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      Resin bees of genus Megachile, subgenera Callomegachile and Carinula (Hymenoptera, Megachilidae) from Thailand with description of a new species

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          Abstract

          Resin bees of the genus Megachile subgenus Callomegachile sensu lato ( Hymenoptera ; Megachilidae ) from Thailand are reviewed. The 14 species treated include those described or revised in the subgenus Alocanthedon , a junior synonym of Callomegachile (three species), and in Carinula (one species). One new species is described, Megachile chiangmaiensis Chatthanabun and Warrit, sp. nov. The replacement name Megachile parornata Chatthanabun, Warrit and Ascher, nom. nov., is proposed for M. gigas Wu (not Schrottky), which is recorded for the first time outside China. For each species, maps and full label data for the examined material documenting occurrences in Thailand are provided. In addition, global ranges, floral associations, and other life history data are summarized and a key to the Thai species is provided for females.

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          Most cited references 57

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          A MONOGRAPH OF THE BALTIC AMBER BEES AND EVOLUTION OF THE APOIDEA (HYMENOPTERA)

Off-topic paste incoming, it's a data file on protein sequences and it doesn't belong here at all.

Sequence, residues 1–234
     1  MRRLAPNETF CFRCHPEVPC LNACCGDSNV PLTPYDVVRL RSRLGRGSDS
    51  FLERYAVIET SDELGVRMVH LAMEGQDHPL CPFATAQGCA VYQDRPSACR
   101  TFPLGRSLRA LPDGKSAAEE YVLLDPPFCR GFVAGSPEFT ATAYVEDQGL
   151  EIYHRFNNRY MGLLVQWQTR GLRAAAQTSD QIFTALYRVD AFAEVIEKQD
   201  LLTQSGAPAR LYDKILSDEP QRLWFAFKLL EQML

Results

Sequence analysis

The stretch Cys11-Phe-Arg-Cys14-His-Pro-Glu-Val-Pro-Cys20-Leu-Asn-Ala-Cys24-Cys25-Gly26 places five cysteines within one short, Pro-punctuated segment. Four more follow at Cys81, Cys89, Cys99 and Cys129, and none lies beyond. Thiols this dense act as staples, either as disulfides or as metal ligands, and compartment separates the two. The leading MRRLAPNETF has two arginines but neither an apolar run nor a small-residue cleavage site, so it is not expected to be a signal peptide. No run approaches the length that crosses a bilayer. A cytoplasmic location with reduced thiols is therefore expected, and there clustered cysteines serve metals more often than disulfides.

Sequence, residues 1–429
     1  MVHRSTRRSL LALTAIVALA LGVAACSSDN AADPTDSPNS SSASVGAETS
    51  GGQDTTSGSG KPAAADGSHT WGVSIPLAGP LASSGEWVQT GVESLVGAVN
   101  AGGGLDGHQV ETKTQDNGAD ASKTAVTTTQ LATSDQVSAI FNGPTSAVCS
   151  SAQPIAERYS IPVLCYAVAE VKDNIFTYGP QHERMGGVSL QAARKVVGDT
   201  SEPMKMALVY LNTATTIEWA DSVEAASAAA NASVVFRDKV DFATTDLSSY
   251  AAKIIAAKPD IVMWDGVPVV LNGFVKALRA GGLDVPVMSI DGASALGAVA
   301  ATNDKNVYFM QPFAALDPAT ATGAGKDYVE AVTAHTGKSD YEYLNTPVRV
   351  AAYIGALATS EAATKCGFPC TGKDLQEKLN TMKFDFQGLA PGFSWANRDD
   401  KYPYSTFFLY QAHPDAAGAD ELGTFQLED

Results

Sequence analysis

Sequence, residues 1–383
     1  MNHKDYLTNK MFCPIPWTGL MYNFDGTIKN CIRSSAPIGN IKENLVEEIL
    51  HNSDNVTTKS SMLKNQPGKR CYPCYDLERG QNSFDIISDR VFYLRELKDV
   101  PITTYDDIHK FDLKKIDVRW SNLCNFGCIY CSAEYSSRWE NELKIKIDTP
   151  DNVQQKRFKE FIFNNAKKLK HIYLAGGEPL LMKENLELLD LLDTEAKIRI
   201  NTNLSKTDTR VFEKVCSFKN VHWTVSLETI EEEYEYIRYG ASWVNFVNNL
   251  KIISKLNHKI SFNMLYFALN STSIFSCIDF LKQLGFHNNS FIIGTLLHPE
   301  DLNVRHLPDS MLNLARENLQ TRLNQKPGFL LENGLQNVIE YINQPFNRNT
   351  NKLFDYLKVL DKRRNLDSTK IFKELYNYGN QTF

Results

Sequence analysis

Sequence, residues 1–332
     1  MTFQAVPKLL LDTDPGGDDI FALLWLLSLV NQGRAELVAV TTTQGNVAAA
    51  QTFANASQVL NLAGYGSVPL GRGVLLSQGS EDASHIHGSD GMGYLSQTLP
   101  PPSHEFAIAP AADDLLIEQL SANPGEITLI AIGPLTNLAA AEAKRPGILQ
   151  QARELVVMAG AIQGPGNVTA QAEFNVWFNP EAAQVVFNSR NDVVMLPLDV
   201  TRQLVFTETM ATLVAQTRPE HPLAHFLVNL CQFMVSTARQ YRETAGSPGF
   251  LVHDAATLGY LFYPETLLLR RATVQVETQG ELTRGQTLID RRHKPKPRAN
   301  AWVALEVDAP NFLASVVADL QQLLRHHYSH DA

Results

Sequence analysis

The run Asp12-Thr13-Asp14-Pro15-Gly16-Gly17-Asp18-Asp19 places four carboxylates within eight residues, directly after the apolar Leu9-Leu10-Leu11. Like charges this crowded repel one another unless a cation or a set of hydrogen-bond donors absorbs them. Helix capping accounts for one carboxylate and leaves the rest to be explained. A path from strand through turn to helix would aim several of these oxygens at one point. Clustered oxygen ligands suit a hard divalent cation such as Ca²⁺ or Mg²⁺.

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            Why do leafcutter bees cut leaves? New insights into the early evolution of bees.

            Stark contrasts in clade species diversity are reported across the tree of life and are especially conspicuous when observed in closely related lineages. The explanation for such disparity has often been attributed to the evolution of key innovations that facilitate colonization of new ecological niches. The factors underlying diversification in bees remain poorly explored. Bees are thought to have originated from apoid wasps during the Mid-Cretaceous, a period that coincides with the appearance of angiosperm eudicot pollen grains in the fossil record. The reliance of bees on angiosperm pollen and their fundamental role as angiosperm pollinators have contributed to the idea that both groups may have undergone simultaneous radiations. We demonstrate that one key innovation--the inclusion of foreign material in nest construction--underlies both a massive range expansion and a significant increase in the rate of diversification within the second largest bee family, Megachilidae. Basal clades within the family are restricted to deserts and exhibit plesiomorphic features rarely observed among modern bees, but prevalent among apoid wasps. Our results suggest that early bees inherited a suite of behavioural traits that acted as powerful evolutionary constraints. While the transition to pollen as a larval food source opened an enormous ecological niche for the early bees, the exploitation of this niche and the subsequent diversification of bees only became possible after bees had evolved adaptations to overcome these constraints.